In a blog posted on his Global Debt Monitorthe IMF said that total public and private debt decreased by 10 percentage points, to 247% of global Gross Domestic Product (GDP) in 2021 from its peak of 257% in 2020. This compares with 195% of GDP in 2007, before the global financial crisis.
In dollar terms, global debt continued to rise, albeit at a much slower pace, reaching a record $235 trillion last year.
The global lender noted that private debt, which includes liabilities of non-financial corporations and households, drove the overall reduction, declining by 6 percentage points to 153% of GDP, citing data from 190 countries. The 4 percentage point decline in public debt, to 96% of GDP, was the largest in decades.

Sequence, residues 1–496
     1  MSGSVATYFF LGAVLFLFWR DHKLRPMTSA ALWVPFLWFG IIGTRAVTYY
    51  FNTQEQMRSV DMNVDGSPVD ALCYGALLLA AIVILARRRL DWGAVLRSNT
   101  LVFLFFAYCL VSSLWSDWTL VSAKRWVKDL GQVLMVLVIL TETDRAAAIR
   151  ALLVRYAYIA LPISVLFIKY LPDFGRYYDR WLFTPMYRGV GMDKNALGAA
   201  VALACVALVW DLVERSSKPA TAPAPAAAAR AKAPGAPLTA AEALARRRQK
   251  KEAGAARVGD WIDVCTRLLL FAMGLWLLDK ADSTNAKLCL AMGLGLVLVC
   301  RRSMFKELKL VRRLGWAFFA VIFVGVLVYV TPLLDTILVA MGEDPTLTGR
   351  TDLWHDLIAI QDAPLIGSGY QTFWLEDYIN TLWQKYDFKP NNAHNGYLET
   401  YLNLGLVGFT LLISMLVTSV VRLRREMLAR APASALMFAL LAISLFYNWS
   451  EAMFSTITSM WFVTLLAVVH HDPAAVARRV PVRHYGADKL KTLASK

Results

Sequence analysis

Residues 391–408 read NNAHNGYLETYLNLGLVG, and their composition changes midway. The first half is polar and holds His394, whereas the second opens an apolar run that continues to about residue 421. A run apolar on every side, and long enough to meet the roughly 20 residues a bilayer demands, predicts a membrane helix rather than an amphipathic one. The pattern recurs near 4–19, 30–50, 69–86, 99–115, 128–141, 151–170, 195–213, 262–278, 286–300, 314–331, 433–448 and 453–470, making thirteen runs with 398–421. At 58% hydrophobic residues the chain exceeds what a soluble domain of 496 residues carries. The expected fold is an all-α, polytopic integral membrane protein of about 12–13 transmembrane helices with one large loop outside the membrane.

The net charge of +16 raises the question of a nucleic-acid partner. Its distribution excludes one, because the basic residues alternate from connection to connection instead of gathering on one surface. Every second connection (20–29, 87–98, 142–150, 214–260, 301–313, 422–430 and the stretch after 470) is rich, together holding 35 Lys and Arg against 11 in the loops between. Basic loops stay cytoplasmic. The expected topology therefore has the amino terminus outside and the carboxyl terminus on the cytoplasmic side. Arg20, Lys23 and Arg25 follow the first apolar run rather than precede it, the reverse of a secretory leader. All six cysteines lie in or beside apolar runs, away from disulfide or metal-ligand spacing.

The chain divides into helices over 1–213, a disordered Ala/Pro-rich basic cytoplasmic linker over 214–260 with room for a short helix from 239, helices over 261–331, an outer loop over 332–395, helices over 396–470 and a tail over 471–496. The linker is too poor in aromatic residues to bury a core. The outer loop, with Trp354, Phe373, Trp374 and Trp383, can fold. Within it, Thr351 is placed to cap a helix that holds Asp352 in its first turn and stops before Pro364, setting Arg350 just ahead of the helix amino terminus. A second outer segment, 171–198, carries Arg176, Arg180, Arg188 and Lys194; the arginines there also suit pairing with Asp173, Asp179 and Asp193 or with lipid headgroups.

The unusually large swings in debt ratios – or “global debt roller coaster” – were due to the economic rebound following the COVID-19 crisis and rapidly rising inflation, according to the IMF.
Debt dynamics varied widely across groups of countries. Advanced economies posted the largest decline, with public and private debt falling to 5% of GDP last year, followed by similar results in emerging markets excluding China.
However, low-income countries saw their total debt ratios continue to rise in 2021, driven by higher private debt, with total debt reaching 88% of GDP.
There is growing concern about the ability of low- and middle-income countries to service their debts, with an estimated 25% of emerging market countries and more than 60% of low-income countries in debt distress or close to them.